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1  SEWING IN GENERAL / Machine Embroidery: Discussion and Questions / Newbie q: is there EASY software that will convert a hand-drawing for a machine? on: July 05, 2014 11:54:14 PM

I realize I probably sound ridiculous... oh well!  Roll Eyes  Oh and also, I don't understand a lot of the words and embroidery jargon so when I've googled in search of this answer, I don't get very far!

I'm considering buying an embroidery-only machine, after no luck of trying to figure out how to decently hand-embroider (from books and youtube).  Even called around and there appear to be no teachers in my town to teach me for money!  Crazy.  It may not help that I'm left-handed, I don't know.

Anyway, in this case at least, I'm more interested in the end-result as opposed to the process (e.g. more quickly making gifts for multiple people, which takes time, as opposed to the slower, zen experience of going into the zone during the homemade process) if that makes sense.  I have other things for said "zen" experience e.g. knitting, playing instruments, etc.

All that said, I'm not super happy about the idea of making embroidered gifts based on other people's designs, within reason.  I'd really like to be able to "write" (embroider) short sentences for example onto fabric that will be cut and appliqued onto something like a pillow, but using my own handwriting so to speak.  Especially when I think of giving something like that to my children.  I'd basically like to cheat but without losing that personal touch (the style of my own handwriting) without it taking as long as hand-embroidering would!  Same with drawings/designs although frankly I'm not to that point yet.

So, I'm wondering if there's extremely simple software out there (particularly Mac-friendly - or friendly enough) that will allow me to hand-draw or hand-write onto a piece of paper (or digital screen?) and then will convert it to a digitized image that can be transferred into an embroidery machine WITHOUT my having to delve into the technical, preparatory aspects of the digitization.  In other words I'd love to find software that will take what I've drawn (via scanner?) and not ask too many questions of me, for a beginner's level at least.  E.g. I'll say the size I want it to be and what type of thread I want to use or how wide I want the font to be maybe (?) and it will do the rest - or at least offer a simple version with the option of growing into more details and options withint the program later maybe.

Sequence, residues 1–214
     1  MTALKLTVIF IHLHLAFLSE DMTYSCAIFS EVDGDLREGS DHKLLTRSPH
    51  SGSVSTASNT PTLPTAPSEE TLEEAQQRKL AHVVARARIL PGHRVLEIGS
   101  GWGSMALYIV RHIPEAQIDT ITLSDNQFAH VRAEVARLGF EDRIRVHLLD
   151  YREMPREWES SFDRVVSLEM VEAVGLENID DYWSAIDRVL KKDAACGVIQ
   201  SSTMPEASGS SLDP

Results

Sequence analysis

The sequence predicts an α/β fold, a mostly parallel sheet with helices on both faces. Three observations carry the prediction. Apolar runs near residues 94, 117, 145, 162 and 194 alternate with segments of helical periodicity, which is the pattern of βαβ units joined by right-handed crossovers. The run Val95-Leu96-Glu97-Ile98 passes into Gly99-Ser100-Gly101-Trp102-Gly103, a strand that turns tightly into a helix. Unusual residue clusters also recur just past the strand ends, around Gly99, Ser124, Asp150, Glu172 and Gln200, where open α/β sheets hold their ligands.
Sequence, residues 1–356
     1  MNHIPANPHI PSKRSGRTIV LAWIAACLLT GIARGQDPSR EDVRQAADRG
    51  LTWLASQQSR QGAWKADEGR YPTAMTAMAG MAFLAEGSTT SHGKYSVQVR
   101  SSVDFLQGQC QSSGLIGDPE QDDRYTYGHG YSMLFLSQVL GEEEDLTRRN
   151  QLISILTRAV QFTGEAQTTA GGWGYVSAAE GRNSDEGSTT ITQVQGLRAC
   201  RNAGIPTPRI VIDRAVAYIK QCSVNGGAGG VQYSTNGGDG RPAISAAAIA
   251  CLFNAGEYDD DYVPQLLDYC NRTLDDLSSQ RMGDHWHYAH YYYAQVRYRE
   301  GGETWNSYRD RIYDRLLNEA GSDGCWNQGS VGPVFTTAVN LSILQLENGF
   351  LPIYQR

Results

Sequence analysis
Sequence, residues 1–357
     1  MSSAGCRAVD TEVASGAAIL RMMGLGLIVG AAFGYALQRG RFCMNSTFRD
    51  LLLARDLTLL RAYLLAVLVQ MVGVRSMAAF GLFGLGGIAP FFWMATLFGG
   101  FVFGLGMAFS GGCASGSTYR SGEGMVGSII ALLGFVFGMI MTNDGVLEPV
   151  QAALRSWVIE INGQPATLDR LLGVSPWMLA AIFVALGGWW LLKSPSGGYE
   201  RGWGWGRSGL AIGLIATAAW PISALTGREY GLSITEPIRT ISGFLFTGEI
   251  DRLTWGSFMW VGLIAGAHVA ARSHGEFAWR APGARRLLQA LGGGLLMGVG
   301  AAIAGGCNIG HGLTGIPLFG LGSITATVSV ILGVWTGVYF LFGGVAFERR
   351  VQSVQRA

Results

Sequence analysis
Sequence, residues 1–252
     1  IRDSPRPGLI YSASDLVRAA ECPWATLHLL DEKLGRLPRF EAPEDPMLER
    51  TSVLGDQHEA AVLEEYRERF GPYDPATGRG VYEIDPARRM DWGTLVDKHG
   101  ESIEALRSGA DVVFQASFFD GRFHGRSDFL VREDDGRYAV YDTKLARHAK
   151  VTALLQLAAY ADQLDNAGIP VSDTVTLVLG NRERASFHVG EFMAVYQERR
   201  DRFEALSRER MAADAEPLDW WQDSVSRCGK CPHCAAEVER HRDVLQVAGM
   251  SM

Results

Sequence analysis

Is there such simple, rudimentary, intuitive, automatic software out there for beginners??  Can I have my cake and eat it too???

2  KNITTING / Knitting: Discussion and Questions / New knitter - Will I EVER get better at seeing mistakes in time/fixing them?! on: November 25, 2012 02:06:10 PM
I've been knitting for a few weeks and do it a lot (I could start a whole thread on what the draw is - what the attraction might be - and how addiccting it is)!  But I keep screwing up.  Slipped stitches, crossed stitches, accidental increases even while knowing how to start the row properly (though I think I might be getting better in that regard), etc.